hile the members of the household were at dinner, last Saturday, Julian Carlton, a negro servant, fired Frank Lloyd Wrights bungalow, murdered seven and seriously wounded one with a hatchet and another received injuries in jumping from a window. The dead are:
Mrs. Mamah Borthwick, their son and daughter, John and Martha Cheney, aged 11 and 9 respectively; Emil Brodelle, aged 30, an architectural draftsman; Thomas Brunker, of Ridgeway, hostler; Ernest Weston, 13-year-old son of Mr. And Mrs. Wm. Weston of Spring Green; and David Lindblom, gardener.
The wounded are: William H. Weston of Spring Green, foreman of the bungalow activities, and Herbert Fritz of Chicago. The latter escaped the negros wrath but received a broken arm and glass cuts in making his escape through a window. He was also slightly burned.
Mr. Wright was in Chicago, where business had called him several days before and he escaped the murders hatchet.
The negro waiter had served dinner to the men in the small room temporarily used for that purpose and to Mrs. Borthwick and her children on the dining porch, which was located just off the guest room where the childs room had been. While they were eating he came to the door and asked Mr. Weston for gasoline, with which to clean a rug, and was given permission to get some. Soon after, those in the dining room heard a splash against the door and in an instant the room was full of flaming gasoline, which the fiend had poured against and under the door. As they attempted to escape, some through the door and some through a window, the negro struck them down with a hatchet.
Mr. Fritz was the first out. He says that he and Mr. Brodelle were eating at a separate table, and as the room burst into flames he sprang for the window and made his escape, getting out before the murderer was prepared.
Mr. Fritz was followed through the window which was about five feet from the ground, by Mr. Brodelle and Wm. Weston in the order named. As the two latter came through they were hatchted. Fritz says he saw Brodelle staggering about and saw the negro strike Weston. The other occupants of the dining room, he says, got out through the door, which was just beside the window.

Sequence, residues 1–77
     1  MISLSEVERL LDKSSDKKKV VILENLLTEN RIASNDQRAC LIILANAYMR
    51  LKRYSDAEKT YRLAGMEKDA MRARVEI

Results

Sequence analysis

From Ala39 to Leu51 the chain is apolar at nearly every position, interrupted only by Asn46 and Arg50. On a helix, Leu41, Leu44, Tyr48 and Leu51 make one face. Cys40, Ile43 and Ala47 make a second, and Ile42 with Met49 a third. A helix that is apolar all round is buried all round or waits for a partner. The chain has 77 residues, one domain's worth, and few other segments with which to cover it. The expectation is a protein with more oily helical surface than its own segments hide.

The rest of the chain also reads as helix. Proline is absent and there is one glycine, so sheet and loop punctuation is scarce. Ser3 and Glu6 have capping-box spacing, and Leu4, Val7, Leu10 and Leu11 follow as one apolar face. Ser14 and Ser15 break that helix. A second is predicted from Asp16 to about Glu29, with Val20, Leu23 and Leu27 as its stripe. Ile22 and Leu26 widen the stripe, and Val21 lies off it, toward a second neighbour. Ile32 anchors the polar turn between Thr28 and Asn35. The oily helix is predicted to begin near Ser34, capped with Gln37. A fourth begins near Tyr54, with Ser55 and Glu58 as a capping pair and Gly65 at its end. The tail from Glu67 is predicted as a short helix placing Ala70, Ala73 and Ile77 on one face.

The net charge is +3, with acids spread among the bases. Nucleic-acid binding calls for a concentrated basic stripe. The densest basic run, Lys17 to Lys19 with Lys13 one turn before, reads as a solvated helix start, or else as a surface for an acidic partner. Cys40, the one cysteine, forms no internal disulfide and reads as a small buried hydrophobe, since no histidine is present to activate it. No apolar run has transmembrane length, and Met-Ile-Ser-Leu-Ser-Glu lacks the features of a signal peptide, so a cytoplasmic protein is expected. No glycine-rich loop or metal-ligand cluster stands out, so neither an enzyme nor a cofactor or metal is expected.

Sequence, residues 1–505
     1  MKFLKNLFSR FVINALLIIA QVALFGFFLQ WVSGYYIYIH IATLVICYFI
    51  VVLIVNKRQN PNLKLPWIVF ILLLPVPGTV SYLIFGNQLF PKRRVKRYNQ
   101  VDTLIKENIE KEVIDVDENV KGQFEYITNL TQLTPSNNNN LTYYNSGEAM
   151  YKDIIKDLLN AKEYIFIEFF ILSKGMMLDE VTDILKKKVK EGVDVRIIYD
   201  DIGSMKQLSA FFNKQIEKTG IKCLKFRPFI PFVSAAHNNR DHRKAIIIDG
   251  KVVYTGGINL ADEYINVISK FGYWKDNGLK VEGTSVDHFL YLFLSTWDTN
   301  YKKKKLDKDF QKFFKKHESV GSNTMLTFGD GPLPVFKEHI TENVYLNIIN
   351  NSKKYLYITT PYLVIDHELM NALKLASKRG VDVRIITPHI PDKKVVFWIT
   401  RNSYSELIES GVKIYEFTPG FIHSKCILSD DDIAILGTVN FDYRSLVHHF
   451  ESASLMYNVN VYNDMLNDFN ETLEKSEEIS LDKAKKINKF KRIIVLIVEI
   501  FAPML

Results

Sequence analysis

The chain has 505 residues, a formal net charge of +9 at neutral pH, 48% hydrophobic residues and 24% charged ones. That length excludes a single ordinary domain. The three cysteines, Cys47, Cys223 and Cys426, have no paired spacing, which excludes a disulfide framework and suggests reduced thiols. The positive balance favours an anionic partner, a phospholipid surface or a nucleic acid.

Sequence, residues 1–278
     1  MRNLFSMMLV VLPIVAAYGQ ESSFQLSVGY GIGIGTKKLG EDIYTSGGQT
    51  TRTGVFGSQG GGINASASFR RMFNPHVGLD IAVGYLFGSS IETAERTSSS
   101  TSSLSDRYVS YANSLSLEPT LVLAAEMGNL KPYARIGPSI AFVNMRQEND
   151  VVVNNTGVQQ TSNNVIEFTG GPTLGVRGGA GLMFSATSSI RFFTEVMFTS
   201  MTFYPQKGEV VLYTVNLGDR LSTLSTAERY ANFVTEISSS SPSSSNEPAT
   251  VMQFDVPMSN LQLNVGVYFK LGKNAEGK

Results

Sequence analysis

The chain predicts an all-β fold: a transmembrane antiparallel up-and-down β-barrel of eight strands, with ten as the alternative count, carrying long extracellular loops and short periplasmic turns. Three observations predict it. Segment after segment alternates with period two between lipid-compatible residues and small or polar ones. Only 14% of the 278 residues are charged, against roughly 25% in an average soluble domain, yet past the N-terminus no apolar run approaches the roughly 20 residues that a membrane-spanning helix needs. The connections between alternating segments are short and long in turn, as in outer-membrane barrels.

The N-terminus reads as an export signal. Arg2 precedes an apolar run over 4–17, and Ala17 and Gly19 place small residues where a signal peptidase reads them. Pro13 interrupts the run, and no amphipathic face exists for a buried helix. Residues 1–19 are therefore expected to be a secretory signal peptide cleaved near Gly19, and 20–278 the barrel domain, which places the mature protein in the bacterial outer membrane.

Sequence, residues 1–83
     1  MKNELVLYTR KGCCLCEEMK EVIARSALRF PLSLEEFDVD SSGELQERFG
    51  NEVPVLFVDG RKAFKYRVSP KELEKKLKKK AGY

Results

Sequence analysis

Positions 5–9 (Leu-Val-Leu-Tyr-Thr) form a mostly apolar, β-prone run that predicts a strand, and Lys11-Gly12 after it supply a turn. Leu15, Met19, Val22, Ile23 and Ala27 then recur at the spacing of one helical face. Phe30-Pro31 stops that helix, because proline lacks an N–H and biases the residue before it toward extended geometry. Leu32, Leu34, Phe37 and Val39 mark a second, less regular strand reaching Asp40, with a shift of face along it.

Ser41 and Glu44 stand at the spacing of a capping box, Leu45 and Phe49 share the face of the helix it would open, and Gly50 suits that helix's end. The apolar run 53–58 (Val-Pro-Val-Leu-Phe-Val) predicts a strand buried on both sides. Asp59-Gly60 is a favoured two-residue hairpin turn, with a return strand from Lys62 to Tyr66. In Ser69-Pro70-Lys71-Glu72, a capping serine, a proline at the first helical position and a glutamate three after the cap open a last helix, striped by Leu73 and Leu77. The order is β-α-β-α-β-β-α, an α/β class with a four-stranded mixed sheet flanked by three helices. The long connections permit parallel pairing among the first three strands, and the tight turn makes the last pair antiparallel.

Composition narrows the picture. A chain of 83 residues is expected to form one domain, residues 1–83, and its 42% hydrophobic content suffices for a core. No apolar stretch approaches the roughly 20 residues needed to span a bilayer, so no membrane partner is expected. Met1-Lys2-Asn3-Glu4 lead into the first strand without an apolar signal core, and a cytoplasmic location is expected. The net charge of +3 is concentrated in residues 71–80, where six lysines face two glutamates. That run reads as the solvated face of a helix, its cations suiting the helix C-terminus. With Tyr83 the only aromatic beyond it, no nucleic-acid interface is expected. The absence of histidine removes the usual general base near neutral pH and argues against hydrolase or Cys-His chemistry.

Mr. Weston said that as he came through the window Carlton struck him with the hatchet and he fell. He got up and ran across the court to the studio. Carlton followed him and struck him a second time, knocking him down. Probably thinking him dead the negro went back to the slaughter. Mr. Weston then ran out another way and found David Lindblom wounded and burning. He helped him extinguish his burning clothing and together they ran to the Rieder home half a mile away and telephoned for help.
Above are the stories of the only survivors of the tragedy...
The Famous Bungalow
The country home, the scene of the terrible tragedy, was a typical Wright creation built some three years ago as a retreat for a man and woman of unconventional ideas and is located on a hill just across the river directly south of Spring Green.
It is a long, low structure, carved into the brow of the hill. On three sides the building bounds an oblong court. The fourth side is a terrace joining the bungalow tot he hill upon the side of which it slings. At one end of another adjoining court are the granary, stables and mens sleeping rooms; then, at right angles and connecting the two ends, is that part which contained offices, studio and an open loggia. Then comes the portion, near the entrance to the court, built for Mr. Wrights mother, which was being temporarily used as a dining room by the workmen and draftsmen. Adjoining this dwelling, Mr. Wright himself lived. All this portion is completely burned. Mr. Wright will start at once to rebuild.